Posts like this one explain how to setup tests for custom StyleCop rules using the Visual Studio test-runner and VS’ Test View. In my opinion that thing gives you the worst possible user-experience. It makes running your tests as convenient as reading a paper about quantum physics. ReSharper or TestDriven.Net are way more easy to handle. But the given examples don’t work properly with those tools or alternative test-runners (e.g. NUnit or xUnit). I love my tools and I hate to be forced to use something inferior by circumstances that I can influence. So I set out to remove that particular bump in the road.

I did not want to fumble with files and how and where to deploy them for test-runs with different test frameworks or tools. Instead I wanted to make these files embedded resources that are just there when I run my tests. I started with the sample mentioned above and made several changes to it.

  1. Use the StyleCopObjectConsole instead of the StyleCopConsole.
  2. Create a class derived from SourceCode that handles loading code from embedded resources (I called mine ResourceBasedSourceCode. Samples for that can be found in the StyleCop source code. Search for StringBasedSourceCode).
  3. The StyleCopObjectConsole requires an instance of ObjectBasedEnvironment which in turn requires a delegate that creates SourceCode instances for given file names. Make that delegate create instances of your ResourceBasedSourceCode.
  4. Hook up the handlers for output and violations to the events of StyleCopObjectConsole.Core instead of the events of the console object.

Lets have a look at the source code of the tests for which I use xUnit.

public class CodeQualityAnalyzerFixture
{
  private readonly StyleCopObjectConsole console;
  private readonly ICollection output;
  private readonly ICollection violations;
  private readonly CodeProject codeProject;

  public CodeQualityAnalyzerFixture()
  {
    this.violations = new List<string>();
    this.output = new List<string>();
    ObjectBasedEnvironment environment = new ObjectBasedEnvironment(ResourceBasedSourceCode.Create, GetProjectSettings);
    ICollection<string> addinPaths = new[] { "." };
    this.console = new StyleCopObjectConsole(environment, null, addinPaths, true);
    CsParser parser = new CsParser();
    parser.FileTypes.Add("CS");
    this.console.Core.Environment.AddParser(parser);
    this.console.Core.ViolationEncountered += (s, e) =&gt; this.violations.Add(e.Violation);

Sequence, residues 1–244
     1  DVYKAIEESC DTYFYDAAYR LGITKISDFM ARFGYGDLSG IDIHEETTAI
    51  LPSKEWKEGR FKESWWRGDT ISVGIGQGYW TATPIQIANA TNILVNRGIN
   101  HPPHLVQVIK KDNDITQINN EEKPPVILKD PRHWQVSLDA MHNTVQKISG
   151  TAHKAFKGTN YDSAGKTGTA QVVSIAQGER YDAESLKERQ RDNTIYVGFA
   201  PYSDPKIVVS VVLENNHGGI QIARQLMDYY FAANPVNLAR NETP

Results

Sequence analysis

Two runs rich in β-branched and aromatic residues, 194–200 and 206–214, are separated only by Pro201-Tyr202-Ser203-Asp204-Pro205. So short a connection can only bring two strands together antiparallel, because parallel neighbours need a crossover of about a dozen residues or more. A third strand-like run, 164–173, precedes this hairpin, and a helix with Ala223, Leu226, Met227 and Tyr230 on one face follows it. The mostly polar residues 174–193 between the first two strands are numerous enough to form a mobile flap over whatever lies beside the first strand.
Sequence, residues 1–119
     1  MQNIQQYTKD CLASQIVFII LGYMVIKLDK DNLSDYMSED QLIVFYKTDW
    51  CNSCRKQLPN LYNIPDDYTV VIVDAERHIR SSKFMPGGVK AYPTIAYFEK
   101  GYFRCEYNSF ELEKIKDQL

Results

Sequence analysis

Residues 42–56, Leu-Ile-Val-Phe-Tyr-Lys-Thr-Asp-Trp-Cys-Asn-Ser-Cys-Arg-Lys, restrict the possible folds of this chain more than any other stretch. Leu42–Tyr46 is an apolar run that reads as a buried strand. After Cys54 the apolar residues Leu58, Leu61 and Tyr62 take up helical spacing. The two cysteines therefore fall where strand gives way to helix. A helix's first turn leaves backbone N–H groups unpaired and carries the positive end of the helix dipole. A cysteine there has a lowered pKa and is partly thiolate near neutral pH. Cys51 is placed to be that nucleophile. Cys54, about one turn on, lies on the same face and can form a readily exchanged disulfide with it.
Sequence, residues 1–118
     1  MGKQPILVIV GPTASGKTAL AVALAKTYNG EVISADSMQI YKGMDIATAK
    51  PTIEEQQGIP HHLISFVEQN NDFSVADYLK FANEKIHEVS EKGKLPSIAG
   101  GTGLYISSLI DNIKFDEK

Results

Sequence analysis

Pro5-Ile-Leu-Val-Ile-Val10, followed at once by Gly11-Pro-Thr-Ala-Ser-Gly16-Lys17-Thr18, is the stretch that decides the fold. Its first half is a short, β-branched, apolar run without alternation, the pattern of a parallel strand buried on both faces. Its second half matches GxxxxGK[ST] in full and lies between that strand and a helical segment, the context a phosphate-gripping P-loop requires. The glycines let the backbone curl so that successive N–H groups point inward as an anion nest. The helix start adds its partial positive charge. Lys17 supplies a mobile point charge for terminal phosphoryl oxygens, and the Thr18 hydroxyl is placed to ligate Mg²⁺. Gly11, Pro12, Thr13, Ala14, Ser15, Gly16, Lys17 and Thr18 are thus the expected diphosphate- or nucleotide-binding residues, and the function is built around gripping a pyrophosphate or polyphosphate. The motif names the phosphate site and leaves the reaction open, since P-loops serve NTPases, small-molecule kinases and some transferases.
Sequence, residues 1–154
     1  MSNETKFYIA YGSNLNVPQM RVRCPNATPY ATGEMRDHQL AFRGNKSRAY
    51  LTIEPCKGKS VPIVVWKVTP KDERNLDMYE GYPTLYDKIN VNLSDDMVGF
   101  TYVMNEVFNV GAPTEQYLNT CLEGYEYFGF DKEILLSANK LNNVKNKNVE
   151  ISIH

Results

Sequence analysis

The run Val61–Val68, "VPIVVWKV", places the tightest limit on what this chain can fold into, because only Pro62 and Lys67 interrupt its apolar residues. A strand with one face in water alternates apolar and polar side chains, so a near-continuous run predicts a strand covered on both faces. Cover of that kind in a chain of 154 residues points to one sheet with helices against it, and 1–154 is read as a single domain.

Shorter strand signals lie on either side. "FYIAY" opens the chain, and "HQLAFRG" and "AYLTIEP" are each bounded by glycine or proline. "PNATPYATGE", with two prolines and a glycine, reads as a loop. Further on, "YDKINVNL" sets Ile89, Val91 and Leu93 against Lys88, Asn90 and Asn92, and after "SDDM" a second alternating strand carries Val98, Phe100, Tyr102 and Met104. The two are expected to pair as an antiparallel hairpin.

this.console.Core.OutputGenerated += (s, e) =&gt; this.output.Add(e.Output);
    this.codeProject = new CodeProject(0, null, new Configuration(null));
  }

  [Fact]
  public void Should_Flag_TooManyCtorParameters()
  {
    this.AnalyzeCodeWithAssertion("TooManyConstructorArguments.cs", 1);
  }

  [Fact]
  public void Should_Flag_IncorrectRethrow()
  {
    this.AnalyzeCodeWithAssertion("IncorrectRethrow.cs", 1);
  }

  private Settings GetProjectSettings(string path, bool readOnly)
  {
    return null;
  }

  private void AnalyzeCodeWithAssertion(string codeFileName, int expectedViolations)
  {
    this.AddSourceCode(codeFileName);
    this.StartAnalysis();
    this.WriteViolationsToConsole();
    this.WriteOutputToConsole();
    Assert.Equal(expectedViolations, this.violations.Count);
  }

  private void WriteOutputToConsole()
  {
    foreach (var o in this.output)
    {
      Console.WriteLine(o);
    }
  }

  private void WriteViolationsToConsole()
  {
    foreach (var violation in this.violations)
    {
      Console.WriteLine(violation.Message);
    }
  }

  private void AddSourceCode(string resourceFileName)
  {
    bool sourceCodeSuccessfullyLoaded = this.console.Core.Environment.AddSourceCode(this.codeProject, resourceFileName, null);
    if (sourceCodeSuccessfullyLoaded == false)
    {
      throw new InvalidOperationException(string.Format("Source file '{0}' could not be added.", resourceFileName));
    }
  }

  private void StartAnalysis()
  {
    IList projects = new[] { this.codeProject };
    this.console.Start(projects);
  }
}

What does it do? Lets start with the test setup in the constructor.

  1. Initialize the collections for the output generated by StyleCop.
  2. Instantiate the ObjectBasedEnvironment providing it with the required delegates to create SourceCode and Settings. The SourceCodeFactory delegate is a static method of my ResourceBasedSourceCode class so we will come to that in a moment. The ProjectSettingsFactory delegate always returns null.
  3. Define a path to the add-in under test (which is the assembly that contains our custom rules). So the dot stands for the “current working folder” where said add-in will be copied to by the build by default.
  4. Create the console object and add a CsParser to the console. As the name indicates it is responsible for parsing C# code files. Don’t forget to register the file extension for C# code files when you create the parser or it just won’t work. The extension name is case-sensitive. Use upper-case.